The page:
The Pittsburgh Steelers were founded by Art Rooney in 1933 as the Pittsburgh Pirates. Originally in the same National Football League division as the Chicago Bears and Green Bay Packers, the Steelers moved to the American Football Conference, and into a new stadium, in 1970.
The 1970s were a decade of unprecedented accomplishment for the Steelers, who won four Super Bowls from 1974 to 1979. The foundation of their success began in 1969, when the team’s new head coach, Chuck Noll, drafted defensive tackle Joe Greene. “Mean Joe,” as he was affectionately known, went on to become one of the members of the feared Steel Curtain—the rest of this unparalleled defensive line were L.C. Greenwood, Ernie Holmes, and Dwight White.
In a memorable television commercial for Coca-Cola, which aired in 1979, Greene capitalized on his tough-guy reputation by not only sharing a bottle of Coke with a young fan, but tossing the kid his battered jersey as a souvenir. An updated version of the ad was aired during Super Bowl XLIII, the last time the Steelers won the contest, with Steelers strong safety Troy Polamalu playing the role of Greene.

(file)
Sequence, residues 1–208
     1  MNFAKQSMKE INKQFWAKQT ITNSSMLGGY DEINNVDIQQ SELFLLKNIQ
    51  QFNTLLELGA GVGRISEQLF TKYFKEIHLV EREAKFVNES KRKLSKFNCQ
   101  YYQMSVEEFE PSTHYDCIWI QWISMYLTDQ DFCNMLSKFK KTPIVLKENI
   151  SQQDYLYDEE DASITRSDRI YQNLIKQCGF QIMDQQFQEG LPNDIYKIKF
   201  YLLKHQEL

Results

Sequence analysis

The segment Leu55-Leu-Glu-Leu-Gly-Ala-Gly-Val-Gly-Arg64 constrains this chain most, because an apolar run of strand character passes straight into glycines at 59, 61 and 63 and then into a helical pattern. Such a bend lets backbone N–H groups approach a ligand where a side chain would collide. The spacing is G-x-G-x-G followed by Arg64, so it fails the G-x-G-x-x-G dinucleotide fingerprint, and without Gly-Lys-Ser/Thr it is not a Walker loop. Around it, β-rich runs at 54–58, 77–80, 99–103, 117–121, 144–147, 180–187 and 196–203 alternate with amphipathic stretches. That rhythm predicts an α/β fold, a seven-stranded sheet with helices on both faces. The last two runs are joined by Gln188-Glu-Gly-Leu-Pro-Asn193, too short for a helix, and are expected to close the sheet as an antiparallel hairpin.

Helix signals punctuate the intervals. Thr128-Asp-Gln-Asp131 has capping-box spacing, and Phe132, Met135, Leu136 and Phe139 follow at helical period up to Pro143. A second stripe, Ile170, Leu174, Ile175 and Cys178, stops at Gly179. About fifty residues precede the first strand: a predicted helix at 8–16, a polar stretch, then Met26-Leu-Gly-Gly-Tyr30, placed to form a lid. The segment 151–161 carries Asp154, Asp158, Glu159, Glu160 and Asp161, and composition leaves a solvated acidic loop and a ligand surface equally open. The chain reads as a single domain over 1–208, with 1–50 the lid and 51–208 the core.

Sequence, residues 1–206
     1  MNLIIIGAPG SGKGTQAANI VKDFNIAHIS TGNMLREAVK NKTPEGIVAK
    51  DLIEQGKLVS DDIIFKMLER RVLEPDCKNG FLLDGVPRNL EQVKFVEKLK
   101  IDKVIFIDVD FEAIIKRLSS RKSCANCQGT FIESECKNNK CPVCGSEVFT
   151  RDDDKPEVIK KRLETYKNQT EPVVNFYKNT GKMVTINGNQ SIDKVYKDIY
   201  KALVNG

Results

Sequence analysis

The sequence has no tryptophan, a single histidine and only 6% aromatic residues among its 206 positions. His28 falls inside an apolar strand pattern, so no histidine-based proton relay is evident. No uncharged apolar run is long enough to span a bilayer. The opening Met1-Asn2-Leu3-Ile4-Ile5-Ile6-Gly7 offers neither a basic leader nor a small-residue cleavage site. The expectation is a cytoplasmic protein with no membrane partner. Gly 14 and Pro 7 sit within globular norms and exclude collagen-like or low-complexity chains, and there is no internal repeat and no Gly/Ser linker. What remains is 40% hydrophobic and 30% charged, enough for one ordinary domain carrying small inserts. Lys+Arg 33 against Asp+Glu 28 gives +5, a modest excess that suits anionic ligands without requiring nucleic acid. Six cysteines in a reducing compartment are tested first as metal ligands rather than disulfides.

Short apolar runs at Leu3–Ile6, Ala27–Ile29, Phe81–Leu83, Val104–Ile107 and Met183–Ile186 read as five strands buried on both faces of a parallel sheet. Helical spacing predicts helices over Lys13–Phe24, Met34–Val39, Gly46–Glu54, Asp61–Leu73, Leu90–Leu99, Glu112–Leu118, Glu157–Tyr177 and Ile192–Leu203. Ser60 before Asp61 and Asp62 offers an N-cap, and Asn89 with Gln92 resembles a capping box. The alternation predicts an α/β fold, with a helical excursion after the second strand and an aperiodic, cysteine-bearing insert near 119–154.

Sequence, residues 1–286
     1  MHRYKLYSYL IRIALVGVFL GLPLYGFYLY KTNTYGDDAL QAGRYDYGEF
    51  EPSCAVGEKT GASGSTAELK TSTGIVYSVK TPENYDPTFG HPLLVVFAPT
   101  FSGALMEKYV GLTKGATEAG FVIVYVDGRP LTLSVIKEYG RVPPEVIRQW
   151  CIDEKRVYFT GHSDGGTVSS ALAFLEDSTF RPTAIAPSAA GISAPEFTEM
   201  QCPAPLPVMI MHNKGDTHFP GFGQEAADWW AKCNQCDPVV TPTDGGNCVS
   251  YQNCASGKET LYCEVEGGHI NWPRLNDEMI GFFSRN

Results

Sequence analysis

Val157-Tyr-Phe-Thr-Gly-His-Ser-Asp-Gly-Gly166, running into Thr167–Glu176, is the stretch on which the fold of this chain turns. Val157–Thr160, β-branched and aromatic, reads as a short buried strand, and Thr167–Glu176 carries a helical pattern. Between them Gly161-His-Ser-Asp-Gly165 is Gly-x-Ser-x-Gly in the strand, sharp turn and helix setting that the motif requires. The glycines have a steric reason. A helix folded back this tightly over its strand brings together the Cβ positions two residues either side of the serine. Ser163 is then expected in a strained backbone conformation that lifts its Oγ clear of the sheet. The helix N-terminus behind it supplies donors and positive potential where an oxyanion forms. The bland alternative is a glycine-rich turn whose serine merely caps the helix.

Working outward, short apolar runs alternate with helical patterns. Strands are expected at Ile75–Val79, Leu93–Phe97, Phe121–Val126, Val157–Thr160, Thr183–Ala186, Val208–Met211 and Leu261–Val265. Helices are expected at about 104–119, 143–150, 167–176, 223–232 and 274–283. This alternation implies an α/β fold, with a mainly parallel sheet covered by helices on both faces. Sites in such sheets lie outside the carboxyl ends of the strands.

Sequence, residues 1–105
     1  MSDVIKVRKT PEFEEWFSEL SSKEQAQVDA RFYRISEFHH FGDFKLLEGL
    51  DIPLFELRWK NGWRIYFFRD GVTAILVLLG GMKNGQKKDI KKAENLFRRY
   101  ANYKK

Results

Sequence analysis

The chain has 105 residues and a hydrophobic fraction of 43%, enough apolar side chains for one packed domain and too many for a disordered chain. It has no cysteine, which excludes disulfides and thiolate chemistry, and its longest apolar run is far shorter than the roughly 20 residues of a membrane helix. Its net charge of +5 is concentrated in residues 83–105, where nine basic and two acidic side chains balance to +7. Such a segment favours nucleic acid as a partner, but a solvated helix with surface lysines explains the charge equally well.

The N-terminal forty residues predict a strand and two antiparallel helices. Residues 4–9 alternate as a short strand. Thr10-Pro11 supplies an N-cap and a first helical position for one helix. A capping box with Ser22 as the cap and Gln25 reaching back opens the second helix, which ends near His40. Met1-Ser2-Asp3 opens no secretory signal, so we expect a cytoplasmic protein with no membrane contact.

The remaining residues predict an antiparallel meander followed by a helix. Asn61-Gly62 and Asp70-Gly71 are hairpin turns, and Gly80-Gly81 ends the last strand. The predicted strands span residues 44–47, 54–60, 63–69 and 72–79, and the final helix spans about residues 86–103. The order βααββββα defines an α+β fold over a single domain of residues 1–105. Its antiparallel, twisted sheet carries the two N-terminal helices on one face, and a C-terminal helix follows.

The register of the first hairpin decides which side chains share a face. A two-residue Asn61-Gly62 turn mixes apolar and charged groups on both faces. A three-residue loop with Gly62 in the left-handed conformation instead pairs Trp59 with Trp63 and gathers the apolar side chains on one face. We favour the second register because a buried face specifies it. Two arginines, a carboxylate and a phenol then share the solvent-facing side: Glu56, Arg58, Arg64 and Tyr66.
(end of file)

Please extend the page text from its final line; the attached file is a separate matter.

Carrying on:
Of course, the other thing that happened to the Steelers in 1970 was quarterback Terry Bradshaw, who was the team’s first-round draft pick. Franco Harris joined the team in 1972, the same year he caught Bradshaw’s “Immaculate Reception” in a game against the Oakland Raiders. Lynn Swann and John Stallworth were just two of the four future Hall of Famers who came on board in 1974. By the end of that season, the Steelers had won their first of six Super Bowls.
For Steelers collectors, programs, tickets, pins and other memorabilia from the Steelers’ Super Bowl victories in 1974, ’75, ’78, ’79, ’05, and ’08 are highly prized. Tougher to find are footballs and jerseys with Terry Bradshaw’s signature on them—Bradshaw has been quite open about the anxiety he experiences in crowds and other uncontrolled situations. Footballs, helmets, and cards signed by the team’s current QB, Ben Roethlisberger, are also in demand.